“The good people of Houston and Dallas deserve better, cleaner air quality,” Parras wrote.
Smog reductions stagnant
Between 1991 and 2020, the Dallas region’s highest ozone levels decreased by 28%, according to TCEQ data. The Houston region’s decreased by 36% over that same period. But much of the gains were made in the first two decades of regulation, when Texas focused on reducing industrial emissions and federal standards on vehicle exhaust improved.
In recent years, major Texas cities have struggled to reduce smog. In Houston, high ozone levels fluctuated between 78 parts per billion and 81 parts per billion between 2014 and 2020 without a consistent downward trend, according to data included in the EPA’s proposal.
“Ozone is a very stubborn pollutant,” said Daniel Cohan, an associate professor of civil and environmental engineering at Rice University and an expert on air quality.
“It takes large changes in emissions to make much of a change,” Cohan added. “To get that last 10% of progress that we need is just very, very hard to do without steps like electrifying vehicles that come closer to completely removing emissions.”
He estimates it would probably require at least a 50% reduction in local air emissions in Houston to achieve a roughly 10% reduction in ozone levels.
In Texas, it’s particularly difficult to reduce smog, he said, because the climate can accelerate chemical reactions in the atmosphere that create ozone. Smog tends to be worst on sunny, hot and stagnant days, when the sunlight and high temperatures accelerate reactions between volatile organic compounds and nitrogen oxides to form ozone. Such conditions are particularly common during Texas summers — and getting worse with climate change, further accelerating those reactions, experts said.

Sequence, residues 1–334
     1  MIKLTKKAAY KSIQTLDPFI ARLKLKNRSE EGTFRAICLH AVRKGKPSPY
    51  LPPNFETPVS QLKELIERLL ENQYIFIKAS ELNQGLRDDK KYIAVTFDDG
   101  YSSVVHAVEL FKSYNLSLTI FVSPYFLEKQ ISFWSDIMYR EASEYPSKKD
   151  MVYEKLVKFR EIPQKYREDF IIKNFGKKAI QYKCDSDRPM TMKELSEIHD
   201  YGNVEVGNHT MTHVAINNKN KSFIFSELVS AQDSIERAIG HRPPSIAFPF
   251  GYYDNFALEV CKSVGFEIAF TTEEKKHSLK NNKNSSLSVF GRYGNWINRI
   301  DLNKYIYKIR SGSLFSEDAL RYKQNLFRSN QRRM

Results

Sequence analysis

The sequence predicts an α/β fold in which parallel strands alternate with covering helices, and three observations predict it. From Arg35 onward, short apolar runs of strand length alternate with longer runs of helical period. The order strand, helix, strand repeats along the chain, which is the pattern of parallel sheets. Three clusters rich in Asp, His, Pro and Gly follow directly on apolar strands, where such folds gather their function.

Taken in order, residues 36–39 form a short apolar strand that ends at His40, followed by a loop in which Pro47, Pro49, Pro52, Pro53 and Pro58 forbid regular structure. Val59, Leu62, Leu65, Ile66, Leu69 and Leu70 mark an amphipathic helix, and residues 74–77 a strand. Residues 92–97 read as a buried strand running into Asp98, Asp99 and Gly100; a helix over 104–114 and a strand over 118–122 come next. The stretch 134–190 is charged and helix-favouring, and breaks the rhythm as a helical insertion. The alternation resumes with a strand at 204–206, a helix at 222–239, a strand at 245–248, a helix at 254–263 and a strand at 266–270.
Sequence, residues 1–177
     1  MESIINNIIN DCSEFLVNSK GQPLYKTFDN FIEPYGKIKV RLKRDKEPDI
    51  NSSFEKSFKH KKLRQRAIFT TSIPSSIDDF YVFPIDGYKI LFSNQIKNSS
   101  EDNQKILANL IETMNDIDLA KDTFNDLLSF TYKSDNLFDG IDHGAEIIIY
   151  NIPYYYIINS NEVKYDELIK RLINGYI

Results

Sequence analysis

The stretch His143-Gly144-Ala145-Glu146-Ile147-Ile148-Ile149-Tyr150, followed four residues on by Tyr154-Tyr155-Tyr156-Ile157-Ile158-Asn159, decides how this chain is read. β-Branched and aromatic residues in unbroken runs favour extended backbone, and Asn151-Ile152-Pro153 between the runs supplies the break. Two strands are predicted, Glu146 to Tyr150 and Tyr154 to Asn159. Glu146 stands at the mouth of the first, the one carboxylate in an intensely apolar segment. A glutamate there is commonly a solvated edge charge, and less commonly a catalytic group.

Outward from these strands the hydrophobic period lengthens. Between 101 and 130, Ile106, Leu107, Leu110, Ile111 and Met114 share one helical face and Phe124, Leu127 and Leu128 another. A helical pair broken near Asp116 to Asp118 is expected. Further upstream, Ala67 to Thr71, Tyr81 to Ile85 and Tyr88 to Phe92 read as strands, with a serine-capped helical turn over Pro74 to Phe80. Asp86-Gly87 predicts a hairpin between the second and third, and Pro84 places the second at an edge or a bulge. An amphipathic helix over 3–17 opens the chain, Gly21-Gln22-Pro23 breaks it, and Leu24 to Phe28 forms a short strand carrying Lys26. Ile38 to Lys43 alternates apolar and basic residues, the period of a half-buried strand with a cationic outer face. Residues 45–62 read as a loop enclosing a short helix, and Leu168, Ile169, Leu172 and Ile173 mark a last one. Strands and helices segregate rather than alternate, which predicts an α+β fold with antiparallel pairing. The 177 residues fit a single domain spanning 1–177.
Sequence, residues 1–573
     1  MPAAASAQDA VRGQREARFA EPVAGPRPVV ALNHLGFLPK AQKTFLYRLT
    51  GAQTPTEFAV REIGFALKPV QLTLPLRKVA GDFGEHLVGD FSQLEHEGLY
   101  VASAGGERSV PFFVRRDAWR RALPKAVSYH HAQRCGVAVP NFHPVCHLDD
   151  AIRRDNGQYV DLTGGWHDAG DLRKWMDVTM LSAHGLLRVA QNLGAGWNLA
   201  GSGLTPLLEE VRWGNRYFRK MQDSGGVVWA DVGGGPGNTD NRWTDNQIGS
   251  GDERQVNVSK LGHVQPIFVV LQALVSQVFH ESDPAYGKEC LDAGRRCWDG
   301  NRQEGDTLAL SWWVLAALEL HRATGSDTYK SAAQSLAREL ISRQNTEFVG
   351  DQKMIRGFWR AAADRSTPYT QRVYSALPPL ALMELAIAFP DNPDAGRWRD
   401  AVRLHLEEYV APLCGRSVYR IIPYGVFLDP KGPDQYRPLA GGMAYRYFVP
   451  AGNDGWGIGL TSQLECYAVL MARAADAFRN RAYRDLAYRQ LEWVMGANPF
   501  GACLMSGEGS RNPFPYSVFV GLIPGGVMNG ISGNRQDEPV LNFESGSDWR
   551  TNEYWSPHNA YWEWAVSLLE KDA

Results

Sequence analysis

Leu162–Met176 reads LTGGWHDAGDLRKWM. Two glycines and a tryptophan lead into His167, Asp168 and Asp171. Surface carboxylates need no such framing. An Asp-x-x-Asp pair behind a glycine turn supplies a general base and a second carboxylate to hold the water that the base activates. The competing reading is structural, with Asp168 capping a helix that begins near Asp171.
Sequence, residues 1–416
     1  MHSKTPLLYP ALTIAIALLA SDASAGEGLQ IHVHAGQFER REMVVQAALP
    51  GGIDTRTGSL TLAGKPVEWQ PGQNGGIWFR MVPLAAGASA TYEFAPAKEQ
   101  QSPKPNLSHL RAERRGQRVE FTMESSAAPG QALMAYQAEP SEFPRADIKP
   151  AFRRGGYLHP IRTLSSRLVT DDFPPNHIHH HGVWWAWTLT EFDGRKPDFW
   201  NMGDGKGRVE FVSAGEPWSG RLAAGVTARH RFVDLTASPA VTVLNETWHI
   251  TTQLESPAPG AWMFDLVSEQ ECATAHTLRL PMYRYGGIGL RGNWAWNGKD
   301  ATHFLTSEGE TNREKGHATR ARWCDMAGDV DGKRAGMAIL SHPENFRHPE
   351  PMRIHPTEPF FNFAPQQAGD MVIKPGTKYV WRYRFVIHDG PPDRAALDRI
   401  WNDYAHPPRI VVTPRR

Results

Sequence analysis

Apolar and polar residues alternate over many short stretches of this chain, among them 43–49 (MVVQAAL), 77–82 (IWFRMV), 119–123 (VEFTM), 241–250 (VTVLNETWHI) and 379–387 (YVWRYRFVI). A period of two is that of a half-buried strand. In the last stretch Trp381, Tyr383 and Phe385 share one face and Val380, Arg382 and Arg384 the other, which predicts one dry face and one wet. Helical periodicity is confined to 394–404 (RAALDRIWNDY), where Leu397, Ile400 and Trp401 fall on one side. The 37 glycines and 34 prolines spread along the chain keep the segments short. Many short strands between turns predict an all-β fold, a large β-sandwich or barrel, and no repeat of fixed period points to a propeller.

An October report by the Texas state climatologist John Nielsen-Gammon found that average daily minimum and maximum temperatures in Texas have both increased by 2.2 degrees Fahrenheit in the last 125 years. Nearly half the increase has come since 2000.
“EPA is showing frustration that Texas hasn’t done more to take vigorous measures [to cut ozone pollution],” Cohan said. “But just the atmospheric chemistry of the situation is going to make a 70 parts per billion standard very difficult for large cities to achieve in hot climates.”
Disclosure: Rice University and University of Houston have been financial supporters of The Texas Tribune, a nonprofit, nonpartisan news organization that is funded in part by donations from members, foundations and corporate sponsors. Financial supporters play no role in the Tribune’s journalism. Find a complete list of them here.